Mead Killion and Andy J. Haapapuro, in the November 2015 issue of Hearing Review have finally put to bed the controversy of whether Musicians’Earplugs have a flat or uniform attenuation.
There have been some publications over the past several years that have questioned the flatness of commercially available musicians’ earplugs. These publications have contained rather significant errors; some of which actually showed that the musicians’ earplugs were indeed flat, but then concluded that they were not!
So, here is the bottom line: musicians’ earplugs indeed have uniform sound attenuation, as advertised, but depending on how you show the data, different graphical results can be obtained- the same data, just shown differently. When the data are plotted on a log scale for frequency, as is the standard in the hearing health care industry, and indeed, how sound is encoded neurally in the human cochlea, the results are quite flat (from about 80 Hz to 16,000 Hz). There is a small notch in the 8000 Hz region and these data were reported when they first came out in 1988.
There are actually a number of different manufacturers of musicians’ earplugs out there, and even some that are not intended to be used for musicians, but are advertised to be. Like any area of work, beware of what you are getting. If you are a musician reading this blog, be sure to see your local audiologist for their recommendation as well as some strategies to minimize the long term effects of loud music. Hearing protection is important but certainly not the only thing that can be done to play and listen to music safely.
There are a number of ways to verify musicians’ earplug function in the clinic. Personally I have been fitting them since 1988 when they first came out. Unofficial figures indicate that over 1,000,000 pairs of custom-made musician earplugs have been sold and over 3,000,000 non-custom musician earplugs (such as the ETYPlugs or the newer ER-20XS). If they didn’t work, they would not have been such a commercial success.
Clinically, it is a simple task to drop a probe microphone in the person’s ear with the earplug in place- the measured real ear attenuation (real ear gain with negative gain) clearly shows that they are flat for each of my clients. This method need to be done properly and the error some people make is not using a sufficiently high stimulus level for the real ear measurement. I used 70 dB SPL, but it needs to be high enough such that the stimulus level – attenuation needs to be sufficiently above the noise floor of the real ear measurement device. Generally a 70 dB stimulus level is fine.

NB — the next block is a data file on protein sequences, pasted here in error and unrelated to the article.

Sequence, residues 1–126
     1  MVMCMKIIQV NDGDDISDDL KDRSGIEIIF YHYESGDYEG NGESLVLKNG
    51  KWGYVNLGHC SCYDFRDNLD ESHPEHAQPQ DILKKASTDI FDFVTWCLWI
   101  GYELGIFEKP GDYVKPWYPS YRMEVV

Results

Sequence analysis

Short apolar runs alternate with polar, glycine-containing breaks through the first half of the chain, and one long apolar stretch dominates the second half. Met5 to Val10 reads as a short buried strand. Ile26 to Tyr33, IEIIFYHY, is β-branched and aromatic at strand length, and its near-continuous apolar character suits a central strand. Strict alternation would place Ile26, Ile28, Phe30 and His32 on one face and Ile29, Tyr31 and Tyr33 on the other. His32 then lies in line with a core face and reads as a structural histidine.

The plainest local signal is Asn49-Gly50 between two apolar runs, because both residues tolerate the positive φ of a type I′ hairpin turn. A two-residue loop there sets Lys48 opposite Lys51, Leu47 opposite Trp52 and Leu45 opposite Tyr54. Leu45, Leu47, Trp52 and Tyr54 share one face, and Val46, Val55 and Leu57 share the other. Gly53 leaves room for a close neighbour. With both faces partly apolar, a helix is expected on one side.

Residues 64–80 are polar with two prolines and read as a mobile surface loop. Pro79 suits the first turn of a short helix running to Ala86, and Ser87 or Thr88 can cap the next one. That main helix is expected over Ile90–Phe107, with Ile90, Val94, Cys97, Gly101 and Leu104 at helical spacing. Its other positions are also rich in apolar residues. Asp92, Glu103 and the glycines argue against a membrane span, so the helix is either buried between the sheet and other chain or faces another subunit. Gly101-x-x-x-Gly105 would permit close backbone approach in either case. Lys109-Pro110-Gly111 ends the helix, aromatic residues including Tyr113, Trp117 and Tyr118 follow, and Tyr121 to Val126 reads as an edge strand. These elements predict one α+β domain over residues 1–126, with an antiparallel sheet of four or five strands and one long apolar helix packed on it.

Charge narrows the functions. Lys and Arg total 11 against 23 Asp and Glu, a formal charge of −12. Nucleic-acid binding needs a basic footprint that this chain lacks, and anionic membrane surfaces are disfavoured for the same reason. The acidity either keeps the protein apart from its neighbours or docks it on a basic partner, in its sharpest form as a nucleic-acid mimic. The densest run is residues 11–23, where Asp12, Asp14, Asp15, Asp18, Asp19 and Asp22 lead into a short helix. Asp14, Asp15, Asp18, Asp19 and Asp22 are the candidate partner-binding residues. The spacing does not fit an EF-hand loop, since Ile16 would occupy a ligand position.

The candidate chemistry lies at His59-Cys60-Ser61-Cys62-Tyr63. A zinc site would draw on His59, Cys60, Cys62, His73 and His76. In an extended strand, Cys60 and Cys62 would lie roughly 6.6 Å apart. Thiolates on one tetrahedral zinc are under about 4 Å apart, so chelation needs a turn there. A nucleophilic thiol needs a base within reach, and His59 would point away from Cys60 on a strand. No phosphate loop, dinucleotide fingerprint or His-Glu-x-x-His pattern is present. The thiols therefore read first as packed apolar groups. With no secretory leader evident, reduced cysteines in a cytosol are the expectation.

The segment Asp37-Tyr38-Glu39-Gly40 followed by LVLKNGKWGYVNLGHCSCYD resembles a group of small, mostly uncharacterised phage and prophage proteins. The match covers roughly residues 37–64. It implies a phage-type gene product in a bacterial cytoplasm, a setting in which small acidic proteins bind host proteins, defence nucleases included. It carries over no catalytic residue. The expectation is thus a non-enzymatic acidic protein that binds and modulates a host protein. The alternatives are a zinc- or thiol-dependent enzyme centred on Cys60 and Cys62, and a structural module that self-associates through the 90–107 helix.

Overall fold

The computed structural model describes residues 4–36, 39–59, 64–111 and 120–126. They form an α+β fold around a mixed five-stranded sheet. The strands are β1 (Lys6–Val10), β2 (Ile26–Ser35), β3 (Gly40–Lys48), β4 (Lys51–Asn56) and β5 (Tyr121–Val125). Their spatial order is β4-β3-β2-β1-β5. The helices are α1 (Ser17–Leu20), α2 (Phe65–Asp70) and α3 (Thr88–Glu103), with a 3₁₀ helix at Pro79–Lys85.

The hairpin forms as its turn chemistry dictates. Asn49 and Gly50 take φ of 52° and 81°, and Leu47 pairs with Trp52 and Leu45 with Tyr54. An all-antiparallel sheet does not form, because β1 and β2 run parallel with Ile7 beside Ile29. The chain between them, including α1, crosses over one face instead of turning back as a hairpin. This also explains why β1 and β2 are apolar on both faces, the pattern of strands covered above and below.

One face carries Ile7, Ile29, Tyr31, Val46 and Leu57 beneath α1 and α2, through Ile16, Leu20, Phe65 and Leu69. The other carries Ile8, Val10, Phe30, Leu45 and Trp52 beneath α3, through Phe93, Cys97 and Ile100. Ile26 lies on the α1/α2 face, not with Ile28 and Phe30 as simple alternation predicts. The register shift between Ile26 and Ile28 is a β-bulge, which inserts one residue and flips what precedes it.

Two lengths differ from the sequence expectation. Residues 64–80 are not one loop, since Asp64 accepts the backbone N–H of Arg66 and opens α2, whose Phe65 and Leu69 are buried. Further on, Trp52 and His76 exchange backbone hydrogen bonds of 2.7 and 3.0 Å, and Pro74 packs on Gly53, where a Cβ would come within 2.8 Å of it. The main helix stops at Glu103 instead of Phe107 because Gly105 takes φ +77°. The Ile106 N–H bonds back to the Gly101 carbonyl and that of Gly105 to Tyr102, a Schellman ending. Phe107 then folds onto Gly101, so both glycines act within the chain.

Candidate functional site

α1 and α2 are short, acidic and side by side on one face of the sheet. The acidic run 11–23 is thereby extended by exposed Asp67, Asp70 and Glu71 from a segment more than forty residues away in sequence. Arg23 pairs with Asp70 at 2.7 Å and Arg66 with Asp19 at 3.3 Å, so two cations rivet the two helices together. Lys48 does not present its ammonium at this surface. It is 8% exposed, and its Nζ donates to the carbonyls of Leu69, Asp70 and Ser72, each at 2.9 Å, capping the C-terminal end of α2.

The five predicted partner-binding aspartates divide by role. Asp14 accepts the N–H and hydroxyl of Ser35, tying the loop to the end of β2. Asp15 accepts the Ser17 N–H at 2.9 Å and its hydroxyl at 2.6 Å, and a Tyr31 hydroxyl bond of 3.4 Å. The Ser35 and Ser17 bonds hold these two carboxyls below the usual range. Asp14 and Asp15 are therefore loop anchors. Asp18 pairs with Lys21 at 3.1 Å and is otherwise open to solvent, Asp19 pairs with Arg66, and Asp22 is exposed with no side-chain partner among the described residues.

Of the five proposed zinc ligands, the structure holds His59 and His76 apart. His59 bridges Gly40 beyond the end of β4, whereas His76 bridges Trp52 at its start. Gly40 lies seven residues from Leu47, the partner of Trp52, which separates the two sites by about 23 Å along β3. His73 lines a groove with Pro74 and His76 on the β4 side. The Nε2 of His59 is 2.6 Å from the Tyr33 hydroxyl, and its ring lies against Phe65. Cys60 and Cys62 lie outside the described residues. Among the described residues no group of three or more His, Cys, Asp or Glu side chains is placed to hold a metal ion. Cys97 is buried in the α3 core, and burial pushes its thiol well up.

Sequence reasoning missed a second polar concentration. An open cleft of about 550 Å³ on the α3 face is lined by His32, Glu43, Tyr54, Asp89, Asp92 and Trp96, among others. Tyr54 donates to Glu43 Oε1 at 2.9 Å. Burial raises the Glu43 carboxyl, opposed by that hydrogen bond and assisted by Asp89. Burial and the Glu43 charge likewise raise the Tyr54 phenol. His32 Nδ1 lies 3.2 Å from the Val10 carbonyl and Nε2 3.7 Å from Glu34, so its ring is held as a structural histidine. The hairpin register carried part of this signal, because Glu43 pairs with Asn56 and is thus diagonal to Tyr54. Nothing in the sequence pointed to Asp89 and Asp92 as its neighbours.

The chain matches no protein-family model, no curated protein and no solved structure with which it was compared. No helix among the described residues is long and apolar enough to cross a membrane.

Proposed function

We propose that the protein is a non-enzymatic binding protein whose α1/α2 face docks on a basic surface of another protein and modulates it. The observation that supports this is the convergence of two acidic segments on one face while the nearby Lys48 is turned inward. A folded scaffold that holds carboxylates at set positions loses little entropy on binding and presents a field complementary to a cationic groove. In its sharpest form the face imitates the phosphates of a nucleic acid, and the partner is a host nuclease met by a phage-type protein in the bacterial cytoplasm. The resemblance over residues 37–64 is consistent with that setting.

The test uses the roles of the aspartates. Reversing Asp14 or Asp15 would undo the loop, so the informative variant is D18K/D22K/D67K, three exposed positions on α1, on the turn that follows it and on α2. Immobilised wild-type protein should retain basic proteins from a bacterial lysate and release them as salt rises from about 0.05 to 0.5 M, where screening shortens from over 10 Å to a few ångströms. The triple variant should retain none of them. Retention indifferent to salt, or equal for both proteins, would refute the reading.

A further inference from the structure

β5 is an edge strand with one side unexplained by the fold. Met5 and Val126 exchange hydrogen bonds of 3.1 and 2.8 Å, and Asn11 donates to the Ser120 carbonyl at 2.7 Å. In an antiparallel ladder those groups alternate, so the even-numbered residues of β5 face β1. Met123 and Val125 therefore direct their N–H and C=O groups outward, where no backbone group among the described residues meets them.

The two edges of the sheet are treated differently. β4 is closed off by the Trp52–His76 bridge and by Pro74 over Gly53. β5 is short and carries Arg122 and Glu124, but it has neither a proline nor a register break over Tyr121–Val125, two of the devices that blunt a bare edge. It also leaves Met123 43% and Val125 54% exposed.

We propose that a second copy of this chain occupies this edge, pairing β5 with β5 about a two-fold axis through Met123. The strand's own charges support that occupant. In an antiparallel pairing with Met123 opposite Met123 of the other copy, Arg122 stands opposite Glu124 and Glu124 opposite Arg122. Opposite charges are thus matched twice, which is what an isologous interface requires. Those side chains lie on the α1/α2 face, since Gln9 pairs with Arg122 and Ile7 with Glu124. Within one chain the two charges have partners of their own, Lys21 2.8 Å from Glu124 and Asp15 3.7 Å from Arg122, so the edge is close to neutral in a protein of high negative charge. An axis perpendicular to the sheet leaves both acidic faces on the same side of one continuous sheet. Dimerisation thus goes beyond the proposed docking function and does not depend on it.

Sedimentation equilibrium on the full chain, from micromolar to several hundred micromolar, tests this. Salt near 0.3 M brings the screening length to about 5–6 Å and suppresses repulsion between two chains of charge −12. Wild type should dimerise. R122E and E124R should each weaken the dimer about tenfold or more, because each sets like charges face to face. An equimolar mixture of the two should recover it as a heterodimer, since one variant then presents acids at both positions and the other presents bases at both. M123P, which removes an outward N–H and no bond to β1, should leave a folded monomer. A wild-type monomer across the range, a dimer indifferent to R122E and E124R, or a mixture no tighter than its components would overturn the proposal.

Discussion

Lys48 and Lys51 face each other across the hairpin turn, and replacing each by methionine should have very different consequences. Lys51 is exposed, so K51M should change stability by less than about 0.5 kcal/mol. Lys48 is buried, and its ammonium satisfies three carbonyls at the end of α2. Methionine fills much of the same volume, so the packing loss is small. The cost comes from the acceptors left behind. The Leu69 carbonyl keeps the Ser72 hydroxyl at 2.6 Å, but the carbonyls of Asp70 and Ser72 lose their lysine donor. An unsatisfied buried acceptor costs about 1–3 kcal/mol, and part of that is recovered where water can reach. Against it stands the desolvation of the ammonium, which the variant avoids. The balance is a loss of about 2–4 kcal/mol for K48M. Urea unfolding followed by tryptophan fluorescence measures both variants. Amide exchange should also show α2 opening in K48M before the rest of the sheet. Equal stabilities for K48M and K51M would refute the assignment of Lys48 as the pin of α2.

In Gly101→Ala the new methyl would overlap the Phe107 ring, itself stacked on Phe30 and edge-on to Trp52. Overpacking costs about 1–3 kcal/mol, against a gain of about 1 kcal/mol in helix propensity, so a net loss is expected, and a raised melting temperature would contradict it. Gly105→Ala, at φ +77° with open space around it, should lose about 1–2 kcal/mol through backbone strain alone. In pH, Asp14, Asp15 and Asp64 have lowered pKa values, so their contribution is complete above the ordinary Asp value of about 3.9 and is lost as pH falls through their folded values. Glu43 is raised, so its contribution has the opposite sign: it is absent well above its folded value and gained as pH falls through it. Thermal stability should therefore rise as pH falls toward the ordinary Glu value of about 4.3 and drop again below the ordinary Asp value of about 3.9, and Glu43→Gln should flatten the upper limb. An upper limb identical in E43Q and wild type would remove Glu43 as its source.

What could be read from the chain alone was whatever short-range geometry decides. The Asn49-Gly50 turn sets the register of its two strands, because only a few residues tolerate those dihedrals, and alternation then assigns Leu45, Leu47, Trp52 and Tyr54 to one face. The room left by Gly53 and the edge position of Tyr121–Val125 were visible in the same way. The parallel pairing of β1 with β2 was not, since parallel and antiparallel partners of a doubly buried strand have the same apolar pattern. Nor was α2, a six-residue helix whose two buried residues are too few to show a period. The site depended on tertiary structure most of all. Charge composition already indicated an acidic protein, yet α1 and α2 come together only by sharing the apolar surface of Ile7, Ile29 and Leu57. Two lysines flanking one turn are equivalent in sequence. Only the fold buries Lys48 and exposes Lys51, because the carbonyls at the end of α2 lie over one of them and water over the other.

And if you didn’t want to use technology, just fit them on a client and ask them to put their fingers over the air hole and do an A-B-A comparison. When they remove their fingers, and the earplug can function as it was intended, the entire right hand side of a piano comes back. When my clinic piano is occupied, one can just utter the sound ‘ssss’ as in “silly’, with and without plugging the hole in the musician earplugs, and the ‘s’ is much more audible- the ‘s’ has energy at the very top end of the piano keyboard.
The strength of the musicians’ earplugs (e.g., ER-15) is that they treat all sounds equally- the bass will still sound like the bass; the treble, like the treble. All music is merely reduced from an irritating or damaging level to one that is not, but the shape of the music remains constant.
In the case of the ER-15, all sound is reduced by exactly 15 dB. For those who like to do calculations, for each 3-dB reduction, one can be exposed twice as long with the same damage. Doing the math a 3-dB reduction is twice as long; another 3 dB (we are down to 6 dB now) is another halving of the damage- down to four times as long; another 3 dB (down to 9 dB now) is 8 times as long; another 3 dB reduction (down to 12 dB now) is 16 times as long; and a 15 dB reduction means that a musician can be exposed 32 times as long as without hearing protection.
A 15-dB reduction of all music may not sound like a lot- after all, one can still hear the conductor, hear the instruments around you, and hear your own instrument- but is quite adequate to hear all of music and speech at a safe level.
Musician earplugs are flat. The Killion and Haapapuro article is a must read for anyone fitting or using musicians’ earplugs.